Wednesday, 29 October 2014
In The Forest Of The Night - Review
Well that was an odd one. Very dreamlike. Very fairy tale. Something which Torchwood has done very successfully - thanks to writer P J Hammond. In fact, I was somewhat reminded of his story Small Worlds - from TW Series 1 - at one point. In that, it turned out that Faeries were real - actually ancient yet timeless creatures (related possibly to the Mara). They dwelt in the forests also. It transpired that the little invisible midichlorian things in this have been around since before Mankind, and periodically save the planet whenever the Sun throws a tantrum - which they can detect even if our solar observatories can't. (A recent issue of DWM had a thing called the Bidmead-o-Meter in it, where the more ludicrous the science, the more his head blew up. Lord only knows what he thought of this one...).
The fairy tale elements were quite obvious at times - specific references to Hansel & Gretel, as well as the fact that young Maebh, in her red hooded coat, was menaced by big bad wolves. Those wolves, and a lone tiger - tying in with the William Blake poem from which the title springs - were the only real menace. At no time, unfortunately, did I ever feel that the planet would get frazzled - in the same way I never thought that the Moon hatching a few weeks ago would destroy Earth.
Other dislikes: last week was supposed to be the Doctor-lite story, but I felt he hardly needed to be there this week. There was the one establishing shot at the beginning - just before the credits - of London swamped by foliage, but apart from some "street furniture" dotted about a Welsh forest, we could have done with a reminder that this was truly the heart of London. Where were the thousands of citizens (and tourists) with their camera phones - sticking it all on You-Tube and Instagram? Apart from Maebh's mum and a couple of blokes with flame-throwers - just to set up the idea that the forest was flame retardant and so signal the happy conclusion - we saw no-one. And, how did Maebh's mum just happen to find her daughter near Trafalgar Square, when - for all she knew - she was somewhere in Kensington, where the Natural History Museum actually is?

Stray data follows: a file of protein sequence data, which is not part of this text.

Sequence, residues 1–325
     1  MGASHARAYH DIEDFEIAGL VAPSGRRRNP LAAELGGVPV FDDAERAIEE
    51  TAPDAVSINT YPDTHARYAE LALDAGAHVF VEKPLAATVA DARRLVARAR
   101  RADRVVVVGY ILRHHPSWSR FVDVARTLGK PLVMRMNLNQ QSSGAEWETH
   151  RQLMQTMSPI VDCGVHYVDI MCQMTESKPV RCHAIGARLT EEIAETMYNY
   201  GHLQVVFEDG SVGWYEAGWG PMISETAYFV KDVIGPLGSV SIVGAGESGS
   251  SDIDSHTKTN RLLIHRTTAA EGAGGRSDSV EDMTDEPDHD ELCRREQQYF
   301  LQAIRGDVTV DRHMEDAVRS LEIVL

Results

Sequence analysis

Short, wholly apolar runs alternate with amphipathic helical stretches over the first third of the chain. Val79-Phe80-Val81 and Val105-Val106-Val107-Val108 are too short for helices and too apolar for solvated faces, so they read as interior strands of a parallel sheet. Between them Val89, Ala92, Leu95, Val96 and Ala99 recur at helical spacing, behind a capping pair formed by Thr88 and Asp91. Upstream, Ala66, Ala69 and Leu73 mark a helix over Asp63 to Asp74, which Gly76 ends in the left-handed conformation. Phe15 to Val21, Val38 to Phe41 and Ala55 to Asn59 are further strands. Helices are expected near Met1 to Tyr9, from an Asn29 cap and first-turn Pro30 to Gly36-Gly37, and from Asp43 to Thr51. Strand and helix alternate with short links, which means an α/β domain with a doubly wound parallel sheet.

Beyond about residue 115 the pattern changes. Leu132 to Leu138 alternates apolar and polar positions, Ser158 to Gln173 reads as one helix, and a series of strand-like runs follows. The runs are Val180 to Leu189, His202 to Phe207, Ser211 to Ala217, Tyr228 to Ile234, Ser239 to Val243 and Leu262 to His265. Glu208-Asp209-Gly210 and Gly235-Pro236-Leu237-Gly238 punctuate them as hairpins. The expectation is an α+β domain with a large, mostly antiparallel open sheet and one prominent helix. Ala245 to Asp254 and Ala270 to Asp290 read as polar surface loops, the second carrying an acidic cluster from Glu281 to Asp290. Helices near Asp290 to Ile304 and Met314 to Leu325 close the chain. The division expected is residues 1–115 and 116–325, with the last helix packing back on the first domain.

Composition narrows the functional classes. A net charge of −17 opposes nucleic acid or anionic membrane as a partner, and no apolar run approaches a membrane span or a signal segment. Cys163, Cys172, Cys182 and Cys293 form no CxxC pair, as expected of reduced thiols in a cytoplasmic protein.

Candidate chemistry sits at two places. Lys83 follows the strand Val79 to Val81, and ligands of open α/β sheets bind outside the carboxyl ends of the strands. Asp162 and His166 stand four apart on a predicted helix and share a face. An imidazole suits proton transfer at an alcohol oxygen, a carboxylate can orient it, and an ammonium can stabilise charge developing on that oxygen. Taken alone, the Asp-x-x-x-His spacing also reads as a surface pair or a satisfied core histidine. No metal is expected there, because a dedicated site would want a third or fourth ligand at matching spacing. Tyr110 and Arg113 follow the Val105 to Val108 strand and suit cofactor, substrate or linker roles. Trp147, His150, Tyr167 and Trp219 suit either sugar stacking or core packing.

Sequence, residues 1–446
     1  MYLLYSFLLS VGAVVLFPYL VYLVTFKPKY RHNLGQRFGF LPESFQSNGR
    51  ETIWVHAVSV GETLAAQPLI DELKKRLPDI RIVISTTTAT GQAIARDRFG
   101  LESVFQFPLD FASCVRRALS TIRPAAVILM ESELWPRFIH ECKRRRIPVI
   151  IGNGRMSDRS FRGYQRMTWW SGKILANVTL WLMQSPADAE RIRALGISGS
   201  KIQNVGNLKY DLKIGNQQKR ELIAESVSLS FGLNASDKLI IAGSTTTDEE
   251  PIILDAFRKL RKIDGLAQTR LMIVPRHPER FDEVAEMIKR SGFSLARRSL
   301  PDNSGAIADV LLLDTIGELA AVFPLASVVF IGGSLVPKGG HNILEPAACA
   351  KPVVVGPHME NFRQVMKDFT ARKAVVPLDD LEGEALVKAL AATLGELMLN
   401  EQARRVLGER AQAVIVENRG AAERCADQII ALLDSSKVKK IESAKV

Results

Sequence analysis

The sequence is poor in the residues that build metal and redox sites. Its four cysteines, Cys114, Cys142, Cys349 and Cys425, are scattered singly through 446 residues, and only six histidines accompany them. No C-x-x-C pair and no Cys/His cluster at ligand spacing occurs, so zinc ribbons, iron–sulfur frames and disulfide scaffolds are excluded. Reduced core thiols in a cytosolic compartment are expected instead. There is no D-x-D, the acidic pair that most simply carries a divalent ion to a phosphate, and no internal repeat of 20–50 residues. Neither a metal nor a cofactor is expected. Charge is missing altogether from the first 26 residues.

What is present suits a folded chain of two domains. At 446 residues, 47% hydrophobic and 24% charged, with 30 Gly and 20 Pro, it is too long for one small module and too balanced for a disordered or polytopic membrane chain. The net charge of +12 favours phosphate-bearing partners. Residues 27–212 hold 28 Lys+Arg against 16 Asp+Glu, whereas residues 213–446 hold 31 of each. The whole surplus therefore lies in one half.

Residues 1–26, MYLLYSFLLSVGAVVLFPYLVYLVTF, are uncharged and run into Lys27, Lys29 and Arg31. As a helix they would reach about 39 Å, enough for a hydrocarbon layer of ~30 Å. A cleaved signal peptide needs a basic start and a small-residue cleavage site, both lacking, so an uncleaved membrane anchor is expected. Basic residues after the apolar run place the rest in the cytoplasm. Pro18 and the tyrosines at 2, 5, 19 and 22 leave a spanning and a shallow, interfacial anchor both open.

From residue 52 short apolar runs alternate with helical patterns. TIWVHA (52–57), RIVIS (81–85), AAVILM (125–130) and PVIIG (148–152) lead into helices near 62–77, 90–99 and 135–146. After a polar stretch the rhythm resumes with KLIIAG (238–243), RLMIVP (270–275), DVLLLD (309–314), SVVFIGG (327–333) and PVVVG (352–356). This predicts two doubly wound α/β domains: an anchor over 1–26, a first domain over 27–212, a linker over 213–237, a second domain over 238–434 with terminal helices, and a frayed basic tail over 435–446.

Regular readers will know I always worry about kids in the programme. As with Listen earlier this series, my fears were unfounded. The kids were actually all right. Quite funny actually, and the performances were fine.
The relationship between the Doctor / Clara / Danny was further defined. Danny thinks there is enough on Earth, now, to wonder at. When push came to shove, she elected to stay behind and face possible death rather than be saved. Stating she did not want ever to be the last of her kind must have been like a slap in the face to the Last of the Time Lords - "I don't want to end up like you" in other words.
Certainly not the sort of story you could get away with on a regular basis. It will divide opinion. I suspect that it will not fare well when it comes to votes and polls - which is a bit of a shame as, in half a century of storytelling, Doctor Who should be able to indulge in more fantastical elements once in a while. Just a shame they had to stick that preposterous ending on - with the missing sister popping out of a rhododendron bush (or whatever) That was just cringe-worthy. Did you notice that she was wearing a khaki combat jacket? That's lazy BBC shorthand for "homeless kid". Apparently, when you run away from home you get given one of these coats. You don't necessarily get to be reunited with your family by being magically vomited out of any shrubbery, however...
Next week - the start of the grand finale. Cybermen on the steps of St Paul's. Again... Oh. it could happen every week as far as I'm concerned.